Restaurant & Bar Tech Live logo

26 & 27 NOV 2019


Nutrition Information on Menus is Popular with Customers in a Variety of Catering Outlets

 With rising levels of obesity and type 2 diabetes consumers who eat out are expressing a desire to know more about the nutrition in their meals.

 The UK retail sector has taken this on board providing consumers with “front of pack” numerical data and colour coded labelling on around 80% of ready to go packaged foods. Although several food outlet chains have adopted voluntary calorie labelling there have been relatively few independent, upmarket or smaller chains offering this information.

In parts of the US mandatory nutrition labelling exists on menus for chain restaurants with more than 15 outlets. This is generally confined to regular items on offer leaving room for flexibility and innovation with “specials” and avoiding daily reprinting of menus. Outlets are permitted some lee- way for slight variations in portion size or quantity of ingredients used. Around 16% of customers say they regularly use this information with the proportion rising to 20%   in higher income neighbourhoods (1) . There appears to be a high level of support for provision of this information to be extended to other food outlets (2). 

Consumer studies in the UK also suggest simple, visible nutrition information would be popular.  In a Food Standards Agency (FSA) survey, 85% felt outlets had a responsibility to provide the nutrition content requested and 80% thought calorie information on menus the most useful method (3). The Consumer’s Association also found that 66% of members wanted nutritional information on menus or menu boards (4).  

A study from Dundee University on nearly 800 adults showed that 43% welcomed calorie information in a range of food outlets including coffee shops, pubs and restaurants (5).   This figure was even higher for women, younger adults and those describing themselves as “comfortably off”. Interestingly even consumers who said they were not health conscious thought this information would be useful and welcomed by a broad range of diners.

Another study looked at the effectiveness of nutrition information on the menu in an upmarket, independent table service restaurant (7).   The majority of customers liked this information, especially women and those who ate out regularly. Most considered it a valuable service the restaurant was offering and 70 % said they would like to see similar information offered in other restaurants.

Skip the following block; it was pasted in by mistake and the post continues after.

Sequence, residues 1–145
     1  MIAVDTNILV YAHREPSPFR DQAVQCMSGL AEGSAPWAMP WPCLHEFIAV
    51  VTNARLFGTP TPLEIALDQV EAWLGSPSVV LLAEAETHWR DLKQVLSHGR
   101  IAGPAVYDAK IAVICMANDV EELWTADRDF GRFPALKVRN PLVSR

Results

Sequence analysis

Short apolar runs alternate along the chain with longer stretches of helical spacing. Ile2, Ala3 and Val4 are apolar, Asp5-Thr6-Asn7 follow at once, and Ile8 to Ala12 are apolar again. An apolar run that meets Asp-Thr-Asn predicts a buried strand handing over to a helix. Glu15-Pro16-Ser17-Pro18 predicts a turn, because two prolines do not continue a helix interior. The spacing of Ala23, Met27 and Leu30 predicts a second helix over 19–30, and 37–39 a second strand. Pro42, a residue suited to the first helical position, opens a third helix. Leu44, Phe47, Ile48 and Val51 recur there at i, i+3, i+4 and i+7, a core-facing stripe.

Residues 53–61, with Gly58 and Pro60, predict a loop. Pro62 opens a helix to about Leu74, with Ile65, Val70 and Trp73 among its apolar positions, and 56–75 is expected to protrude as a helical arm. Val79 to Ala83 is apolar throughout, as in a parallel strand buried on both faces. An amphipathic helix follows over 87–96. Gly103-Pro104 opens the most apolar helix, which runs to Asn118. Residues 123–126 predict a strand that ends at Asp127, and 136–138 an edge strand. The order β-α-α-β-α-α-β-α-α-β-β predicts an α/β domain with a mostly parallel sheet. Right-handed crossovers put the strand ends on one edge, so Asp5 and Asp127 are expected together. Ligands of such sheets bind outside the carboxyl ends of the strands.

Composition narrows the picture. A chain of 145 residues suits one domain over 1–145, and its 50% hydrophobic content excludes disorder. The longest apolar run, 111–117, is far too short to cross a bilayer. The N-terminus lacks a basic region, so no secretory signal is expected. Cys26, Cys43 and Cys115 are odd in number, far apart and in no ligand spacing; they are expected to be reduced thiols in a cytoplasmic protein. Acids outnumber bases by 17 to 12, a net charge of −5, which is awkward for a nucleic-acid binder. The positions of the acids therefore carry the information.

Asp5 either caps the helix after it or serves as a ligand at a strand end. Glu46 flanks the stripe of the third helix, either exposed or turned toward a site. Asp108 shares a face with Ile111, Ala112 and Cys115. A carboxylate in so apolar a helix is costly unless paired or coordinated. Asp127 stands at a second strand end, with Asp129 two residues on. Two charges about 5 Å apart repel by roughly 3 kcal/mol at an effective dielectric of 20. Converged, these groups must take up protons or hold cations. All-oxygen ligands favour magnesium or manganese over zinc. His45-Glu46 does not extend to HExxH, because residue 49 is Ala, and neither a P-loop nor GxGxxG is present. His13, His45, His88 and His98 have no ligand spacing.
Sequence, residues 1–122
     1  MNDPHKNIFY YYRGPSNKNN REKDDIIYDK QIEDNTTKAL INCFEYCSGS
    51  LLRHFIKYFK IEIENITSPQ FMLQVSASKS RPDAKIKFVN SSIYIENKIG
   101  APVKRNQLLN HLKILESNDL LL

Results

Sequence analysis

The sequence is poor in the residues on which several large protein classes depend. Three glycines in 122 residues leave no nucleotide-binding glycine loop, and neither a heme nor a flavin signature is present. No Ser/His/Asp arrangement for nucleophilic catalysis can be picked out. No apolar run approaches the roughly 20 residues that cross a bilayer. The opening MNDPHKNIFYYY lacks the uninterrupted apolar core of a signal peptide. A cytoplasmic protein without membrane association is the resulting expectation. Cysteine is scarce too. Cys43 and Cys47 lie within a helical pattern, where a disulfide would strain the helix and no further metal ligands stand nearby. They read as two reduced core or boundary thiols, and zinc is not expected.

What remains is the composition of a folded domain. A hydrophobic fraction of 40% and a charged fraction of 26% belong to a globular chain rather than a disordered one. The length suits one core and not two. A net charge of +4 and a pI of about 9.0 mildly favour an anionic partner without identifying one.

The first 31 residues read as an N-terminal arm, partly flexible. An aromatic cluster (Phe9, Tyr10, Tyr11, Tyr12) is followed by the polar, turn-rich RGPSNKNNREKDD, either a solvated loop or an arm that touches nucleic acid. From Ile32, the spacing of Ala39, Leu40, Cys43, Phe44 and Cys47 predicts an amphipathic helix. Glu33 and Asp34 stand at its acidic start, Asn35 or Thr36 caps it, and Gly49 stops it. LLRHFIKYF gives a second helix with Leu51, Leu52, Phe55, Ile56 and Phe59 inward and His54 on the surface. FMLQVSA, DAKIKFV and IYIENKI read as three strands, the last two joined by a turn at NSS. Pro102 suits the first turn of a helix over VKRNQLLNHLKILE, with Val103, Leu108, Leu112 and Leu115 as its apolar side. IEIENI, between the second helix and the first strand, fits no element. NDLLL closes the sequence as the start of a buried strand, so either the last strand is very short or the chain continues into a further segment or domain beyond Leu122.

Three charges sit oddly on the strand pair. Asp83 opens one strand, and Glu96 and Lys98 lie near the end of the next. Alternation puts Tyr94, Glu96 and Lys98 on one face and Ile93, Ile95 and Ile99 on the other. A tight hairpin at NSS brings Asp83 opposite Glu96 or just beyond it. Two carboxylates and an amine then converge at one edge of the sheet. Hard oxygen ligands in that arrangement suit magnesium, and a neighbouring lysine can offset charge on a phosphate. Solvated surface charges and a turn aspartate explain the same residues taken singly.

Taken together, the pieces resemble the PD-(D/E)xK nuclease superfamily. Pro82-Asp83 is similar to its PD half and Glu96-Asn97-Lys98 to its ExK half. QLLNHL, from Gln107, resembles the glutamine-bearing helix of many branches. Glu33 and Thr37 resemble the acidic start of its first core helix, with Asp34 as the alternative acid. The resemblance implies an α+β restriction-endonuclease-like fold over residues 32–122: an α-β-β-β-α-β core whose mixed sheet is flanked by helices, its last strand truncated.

Many registered dietitians have experience in recipe analysis and modification which can be applied to commercial catering settings. They often have access to nutritional analysis programmes and are skilled at converting handy measures given by chefs into weights needed for data input.  Per portion nutrition data for calories or other chosen nutrients can be generated alongside colour coding (defined per 100g).  Restaurants have the option to display information in a variety of ways depending on customer preference. 

In addition, some dietitians have already provided services in independent restaurants and retail outlets and have found staff are often keen to continue with nutritional signposting once they find it practical, affordable and popular with customers. Dietitians can also assist in providing alternatives and nutritional substitutes in line with recent demand for healthy and popular ingredients. Phil Rimmer, former Chef/Patron of Trough’s Restaurant says “Nutrition analysis of core menu items was surprisingly affordable and helped us offer healthy choices. We found the information useful for customers and feel providing this service is potentially a source of competitive advantage." 

For access to a database of expert Dietitians, please visit our booth or our website at



1. Dumanovsky et al (2011) British Medical Journal 343:d4464 Accessed April 2017.

2. UPI Health News: Most U.S. adults favour calorie labelling. Accessed April 2017.

3. FSA consumer 2009 Consumer response to nutrition information available in catering outlets. Accessed April 2017.

4.  Which? ( 2011) Food chains , just put calorie counts on your menus. Accessed April 2017.

 5. Mackison  et al (2009) Journal of Human Nutrition and Dietetics 22 : 567-573 Accessed April 2017.

6.  Turconi G et al (2012) Helping consumers make a more conscious nutritional choice: acceptability of nutrition information at a cafeteria. Public Health Nutrition 15 : 792-801 .  Accessed April 2017.

7. Heathcote  F  &  Baic S (2011) Journal of Human Nutrition and Dietetics 24: 390-391 Accessed April 2017.